In the newest episode of the Earth Charter podcast, Mirian Vilela speaks with Carol Anne Hilton, Indigenous businesswoman and author about her work rebuilding and strengthening Indigenous economies, the history of oppression against Indigenous people in Canada, and commonalties between Indigenous worldviews and the Earth Charter.
For a period of over one hundred years, settlers and the Canadian government actively worked to destroy Indigenous culture and people in order to take control of land and resources. Hilton explains how the Canadian government systematically and intentionally assimilated Indigenous children using a residential school system that took children away from their families and banned the practice of their culture and language. This continued for over one hundred years, disrupting multiple generations and continued until the 1990s.
In her work, Hilton addresses the economic impacts of this history of repression by shaping a new space around Indigenous economics and linking it to the past and revaluing it for the present. The idea of Indigenomics restores narratives of the truth of this history, increases Indigenous peoples’ roles in the economy, and uses Indigenous wisdom of local economy to come to terms with and reestablish Indigenous perspectives in business and economics. To further this cause, Hilton established the Indigenomics Institute, the Global Center of Indigenomics, and wrote Indigenomics: Taking a Seat at the Economics Table.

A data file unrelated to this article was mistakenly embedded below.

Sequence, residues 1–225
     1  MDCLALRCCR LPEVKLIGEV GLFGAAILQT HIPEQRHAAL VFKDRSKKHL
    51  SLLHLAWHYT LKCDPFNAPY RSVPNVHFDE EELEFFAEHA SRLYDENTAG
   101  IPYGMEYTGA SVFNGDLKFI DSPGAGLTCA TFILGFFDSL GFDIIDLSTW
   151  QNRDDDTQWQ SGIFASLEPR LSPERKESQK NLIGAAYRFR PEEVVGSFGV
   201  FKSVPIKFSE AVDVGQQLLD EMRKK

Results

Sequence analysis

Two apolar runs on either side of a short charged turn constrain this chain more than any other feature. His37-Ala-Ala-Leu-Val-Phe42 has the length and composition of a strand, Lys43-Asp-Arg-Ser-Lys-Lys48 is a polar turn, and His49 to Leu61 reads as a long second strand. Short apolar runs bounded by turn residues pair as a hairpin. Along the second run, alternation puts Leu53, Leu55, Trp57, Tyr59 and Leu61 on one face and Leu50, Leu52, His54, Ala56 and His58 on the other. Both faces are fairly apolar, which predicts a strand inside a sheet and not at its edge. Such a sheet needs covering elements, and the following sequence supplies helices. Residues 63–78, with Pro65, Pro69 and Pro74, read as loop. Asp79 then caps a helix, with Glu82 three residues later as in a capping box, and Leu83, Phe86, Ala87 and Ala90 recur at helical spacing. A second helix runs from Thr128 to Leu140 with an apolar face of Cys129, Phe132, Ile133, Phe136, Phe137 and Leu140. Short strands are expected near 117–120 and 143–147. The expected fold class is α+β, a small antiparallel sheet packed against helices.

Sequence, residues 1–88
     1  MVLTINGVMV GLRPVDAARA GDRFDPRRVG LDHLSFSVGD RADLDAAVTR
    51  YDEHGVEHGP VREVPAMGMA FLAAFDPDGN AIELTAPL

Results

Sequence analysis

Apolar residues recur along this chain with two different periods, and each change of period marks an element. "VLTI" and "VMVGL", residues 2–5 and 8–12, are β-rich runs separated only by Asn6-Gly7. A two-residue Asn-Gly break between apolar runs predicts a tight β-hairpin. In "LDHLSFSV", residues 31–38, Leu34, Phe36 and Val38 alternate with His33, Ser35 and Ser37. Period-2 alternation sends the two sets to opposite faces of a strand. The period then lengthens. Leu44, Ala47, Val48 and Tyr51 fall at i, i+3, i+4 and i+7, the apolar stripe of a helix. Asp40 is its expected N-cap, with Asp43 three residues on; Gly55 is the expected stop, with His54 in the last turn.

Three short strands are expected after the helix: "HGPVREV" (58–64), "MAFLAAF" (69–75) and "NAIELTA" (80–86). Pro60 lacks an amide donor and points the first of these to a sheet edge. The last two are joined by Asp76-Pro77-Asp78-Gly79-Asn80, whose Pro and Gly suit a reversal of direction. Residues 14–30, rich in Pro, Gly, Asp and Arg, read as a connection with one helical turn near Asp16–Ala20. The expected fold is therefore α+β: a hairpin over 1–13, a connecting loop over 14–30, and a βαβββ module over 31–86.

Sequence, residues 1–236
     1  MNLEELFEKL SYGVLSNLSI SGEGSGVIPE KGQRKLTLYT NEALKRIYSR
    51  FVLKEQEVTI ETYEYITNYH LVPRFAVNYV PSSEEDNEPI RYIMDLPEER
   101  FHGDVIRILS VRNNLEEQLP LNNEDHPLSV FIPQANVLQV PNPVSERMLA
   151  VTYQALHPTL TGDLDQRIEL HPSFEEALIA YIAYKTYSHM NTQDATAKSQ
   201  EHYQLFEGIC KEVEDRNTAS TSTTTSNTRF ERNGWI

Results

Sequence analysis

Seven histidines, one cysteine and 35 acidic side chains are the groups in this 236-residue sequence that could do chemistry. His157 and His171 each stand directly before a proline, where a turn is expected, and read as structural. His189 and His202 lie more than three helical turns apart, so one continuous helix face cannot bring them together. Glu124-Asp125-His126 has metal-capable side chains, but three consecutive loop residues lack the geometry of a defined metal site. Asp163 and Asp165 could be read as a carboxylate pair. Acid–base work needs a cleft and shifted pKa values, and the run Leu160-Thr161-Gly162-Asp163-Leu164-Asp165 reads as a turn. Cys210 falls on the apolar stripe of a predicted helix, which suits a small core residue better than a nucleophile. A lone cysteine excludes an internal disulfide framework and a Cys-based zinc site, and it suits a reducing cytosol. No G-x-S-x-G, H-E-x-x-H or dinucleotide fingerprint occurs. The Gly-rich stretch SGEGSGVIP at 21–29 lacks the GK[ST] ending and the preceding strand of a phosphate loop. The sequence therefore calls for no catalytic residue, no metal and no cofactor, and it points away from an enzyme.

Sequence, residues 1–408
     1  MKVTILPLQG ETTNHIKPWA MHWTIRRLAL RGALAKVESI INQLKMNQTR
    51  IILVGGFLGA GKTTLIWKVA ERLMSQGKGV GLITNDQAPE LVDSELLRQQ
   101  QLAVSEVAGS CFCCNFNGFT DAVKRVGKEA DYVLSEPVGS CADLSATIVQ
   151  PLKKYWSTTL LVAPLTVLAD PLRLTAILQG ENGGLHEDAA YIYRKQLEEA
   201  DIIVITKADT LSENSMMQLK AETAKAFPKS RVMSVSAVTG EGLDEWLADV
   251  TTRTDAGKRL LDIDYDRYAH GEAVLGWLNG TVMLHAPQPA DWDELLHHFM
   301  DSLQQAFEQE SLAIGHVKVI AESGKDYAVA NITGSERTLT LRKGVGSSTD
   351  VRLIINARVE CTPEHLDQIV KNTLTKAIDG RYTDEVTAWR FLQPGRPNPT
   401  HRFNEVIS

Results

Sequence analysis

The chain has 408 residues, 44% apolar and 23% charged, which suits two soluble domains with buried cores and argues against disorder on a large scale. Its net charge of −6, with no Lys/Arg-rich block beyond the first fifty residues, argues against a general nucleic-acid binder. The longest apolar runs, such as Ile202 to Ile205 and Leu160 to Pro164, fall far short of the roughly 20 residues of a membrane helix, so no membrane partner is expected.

Indigenous worldviews have much in common with the Earth Charter. Both promote conservation, share a respect for life, and ecological integrity. There is an Indigenous concept called seven generation thinking in which decisions made in the present must consider the impact on future generations. Indigenous views focus on a relationship with, rather than ownership of, land and resources. With regards to economic opportunities, Hilton and her community incorporate the balancing of business with sustainable practices which has been at odds with traditional economic development. While traditional business focuses on GDP to measure growth, Indigenous perspectives measure overall well-being and the continuation of the community.